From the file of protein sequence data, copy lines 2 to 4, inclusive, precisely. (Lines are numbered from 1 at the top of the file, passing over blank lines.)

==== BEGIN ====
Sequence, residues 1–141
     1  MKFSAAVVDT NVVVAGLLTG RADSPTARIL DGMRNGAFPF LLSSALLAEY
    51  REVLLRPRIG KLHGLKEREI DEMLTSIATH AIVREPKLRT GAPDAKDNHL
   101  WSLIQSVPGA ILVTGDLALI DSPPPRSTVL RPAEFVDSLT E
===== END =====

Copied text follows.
     1  MKFSAAVVDT NVVVAGLLTG RADSPTARIL DGMRNGAFPF LLSSALLAEY
    51  REVLLRPRIG KLHGLKEREI DEMLTSIATH AIVREPKLRT GAPDAKDNHL
   101  WSLIQSVPGA ILVTGDLALI DSPPPRSTVL RPAEFVDSLT E